Just over six years ago, in the lush Upper Galilee of northern Israel, the nation’s first large-scale harvest of legal medical marijuana was flowering on the roof deck of Tzahi Cohen’s parents’ house, perched on a cliff overlooking the bright-green farming village of Birya. Until then, fewer than 100 Israeli patients suffering from a short list of ailments had been allowed to grow the plants for themselves, but this marked the first harvest by a licensed grower.
A northern California Jewish non-profit signed an agreement to purchase land for what it says is the largest urban Jewish farm in the United States.
On Oct. 2, Alex Hershaft, a Holocaust survivor and founder of the nonprofit Farm Animal Rights Movement (FARM), sat on the ground with some 100 other protesters in front of the Farmer John pig slaughterhouse in Vernon, Calif., blocking the entrance from two bi-level trucks carrying 200 pigs that had arrived to be slaughtered that day.
On Oct. 2, Alex Hershaft, a Holocaust survivor and founder of the nonprofit Farm Animal Rights Movement (FARM), sat on the ground with some 100 other protesters in front of the Farmer John pig slaughterhouse in Vernon, Calif., blocking the entrance from two bi-level trucks carrying 200 pigs that had arrived to be slaughtered that day. In the next 24 hours, the pigs would be among 6,000 animals that would be stunned by electrical shock, hoisted up by their hind legs and their necks slit in the plant, which is the largest pig slaughterhouse on the West Coast.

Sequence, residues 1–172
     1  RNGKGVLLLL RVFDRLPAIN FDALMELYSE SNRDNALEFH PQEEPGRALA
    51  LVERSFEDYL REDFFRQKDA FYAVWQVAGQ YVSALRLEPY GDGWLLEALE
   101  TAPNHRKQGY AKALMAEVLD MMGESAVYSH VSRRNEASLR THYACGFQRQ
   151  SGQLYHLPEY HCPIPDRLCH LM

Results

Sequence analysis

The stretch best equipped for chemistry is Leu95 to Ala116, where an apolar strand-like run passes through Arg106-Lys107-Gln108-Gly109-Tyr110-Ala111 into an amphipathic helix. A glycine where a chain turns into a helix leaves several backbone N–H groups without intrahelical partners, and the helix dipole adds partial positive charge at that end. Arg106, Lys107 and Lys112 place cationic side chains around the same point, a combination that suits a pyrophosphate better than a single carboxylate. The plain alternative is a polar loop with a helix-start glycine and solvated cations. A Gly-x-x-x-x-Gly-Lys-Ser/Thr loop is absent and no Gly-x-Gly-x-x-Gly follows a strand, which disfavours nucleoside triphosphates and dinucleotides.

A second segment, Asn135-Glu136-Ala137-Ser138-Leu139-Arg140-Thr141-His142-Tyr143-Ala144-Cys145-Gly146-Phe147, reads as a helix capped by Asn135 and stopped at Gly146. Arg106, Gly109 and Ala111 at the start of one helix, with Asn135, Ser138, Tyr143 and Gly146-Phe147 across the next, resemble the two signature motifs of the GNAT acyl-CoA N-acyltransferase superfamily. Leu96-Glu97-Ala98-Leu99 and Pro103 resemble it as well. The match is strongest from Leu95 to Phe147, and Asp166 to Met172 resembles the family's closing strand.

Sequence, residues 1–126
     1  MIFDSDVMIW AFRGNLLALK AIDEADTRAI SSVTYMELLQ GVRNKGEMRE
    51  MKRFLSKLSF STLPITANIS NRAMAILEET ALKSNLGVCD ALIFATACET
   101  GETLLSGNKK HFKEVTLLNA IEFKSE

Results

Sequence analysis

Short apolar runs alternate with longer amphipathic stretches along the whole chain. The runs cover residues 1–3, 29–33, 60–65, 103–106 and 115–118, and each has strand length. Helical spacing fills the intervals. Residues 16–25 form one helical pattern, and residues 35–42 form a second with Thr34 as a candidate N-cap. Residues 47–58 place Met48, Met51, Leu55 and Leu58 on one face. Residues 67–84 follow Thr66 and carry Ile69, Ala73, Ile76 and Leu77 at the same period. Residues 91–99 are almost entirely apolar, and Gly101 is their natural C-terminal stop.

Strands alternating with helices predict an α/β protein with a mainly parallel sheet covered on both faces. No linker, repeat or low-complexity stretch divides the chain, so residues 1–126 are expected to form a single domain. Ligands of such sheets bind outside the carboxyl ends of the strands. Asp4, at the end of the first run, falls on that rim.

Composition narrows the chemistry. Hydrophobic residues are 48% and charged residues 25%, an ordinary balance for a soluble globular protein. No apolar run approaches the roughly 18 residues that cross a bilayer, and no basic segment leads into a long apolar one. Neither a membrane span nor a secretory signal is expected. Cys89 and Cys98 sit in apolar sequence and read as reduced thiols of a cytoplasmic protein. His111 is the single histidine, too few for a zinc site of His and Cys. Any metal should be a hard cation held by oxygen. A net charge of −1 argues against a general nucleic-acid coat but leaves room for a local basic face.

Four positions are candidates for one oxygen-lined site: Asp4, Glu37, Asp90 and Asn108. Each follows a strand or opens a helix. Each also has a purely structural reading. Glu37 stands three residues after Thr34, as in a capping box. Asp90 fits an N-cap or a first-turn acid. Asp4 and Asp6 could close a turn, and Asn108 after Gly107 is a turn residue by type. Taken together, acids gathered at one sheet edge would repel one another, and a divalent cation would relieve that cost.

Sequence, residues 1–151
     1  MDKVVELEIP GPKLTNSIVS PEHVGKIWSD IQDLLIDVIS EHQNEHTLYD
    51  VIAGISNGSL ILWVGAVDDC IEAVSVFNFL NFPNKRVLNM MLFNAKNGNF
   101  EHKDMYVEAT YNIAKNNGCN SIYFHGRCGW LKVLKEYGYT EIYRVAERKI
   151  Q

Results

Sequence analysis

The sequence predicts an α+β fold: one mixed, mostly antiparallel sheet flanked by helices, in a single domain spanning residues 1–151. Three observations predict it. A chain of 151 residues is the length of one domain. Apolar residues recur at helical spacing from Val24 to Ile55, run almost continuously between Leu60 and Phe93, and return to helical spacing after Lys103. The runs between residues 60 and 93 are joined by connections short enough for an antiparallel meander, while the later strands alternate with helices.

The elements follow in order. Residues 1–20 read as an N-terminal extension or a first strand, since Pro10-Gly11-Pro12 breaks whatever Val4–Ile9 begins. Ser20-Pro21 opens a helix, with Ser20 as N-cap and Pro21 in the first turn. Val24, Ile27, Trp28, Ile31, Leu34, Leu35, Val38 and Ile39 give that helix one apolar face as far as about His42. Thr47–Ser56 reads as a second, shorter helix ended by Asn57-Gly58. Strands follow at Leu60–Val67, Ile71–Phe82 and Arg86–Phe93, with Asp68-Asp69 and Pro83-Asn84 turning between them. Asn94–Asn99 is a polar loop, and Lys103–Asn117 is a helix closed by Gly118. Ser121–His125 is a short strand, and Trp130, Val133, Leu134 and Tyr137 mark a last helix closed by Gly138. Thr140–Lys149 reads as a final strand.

On our wedding day last year, my wife and I decided that, due to our Jewish convictions, we would no longer drink milk or consume any dairy products. This is a vow we have remained deeply committed to, but we never expected it to become mainstream.
It’s easy to spot Rabbi Shmuel Simenowitz at a Jewish food conference, an environmentalist gathering or any of the other progressive-minded confabs he frequents. Just look for the Chasid in the room.
The complicated process that bees go through to make honey and the complex operation that people go through to get that honey to the table.
The matter at issue is a community farm in South Central Los Angeles that has sprung up on 14.3 acres that do not belong to the farmers. The land belongs to Ralph Horowitz, who says he wishes to build a warehouse or to sell the land at something close to its market value.
Blame it on the Mesopotamians. About 4,000 or 5,000 years ago, they came up with the meshuggeneh idea of New Year's resolutions.
And what was their most common pledge? To return borrowed farm equipment. "That would be a pickax or a sickle," says Danny, 12, who studied the Mesopotamians last year in his ancient civilization class.
But today we can't simply return some borrowed tool, toy or casserole dish. No, we North Americans feel compelled to annually reinvent ourselves as perfect physical, intellectual and emotional beings. We feel compelled to promise to shape up, to learn Aramaic or read the 100 top English-language novels, to be more patient.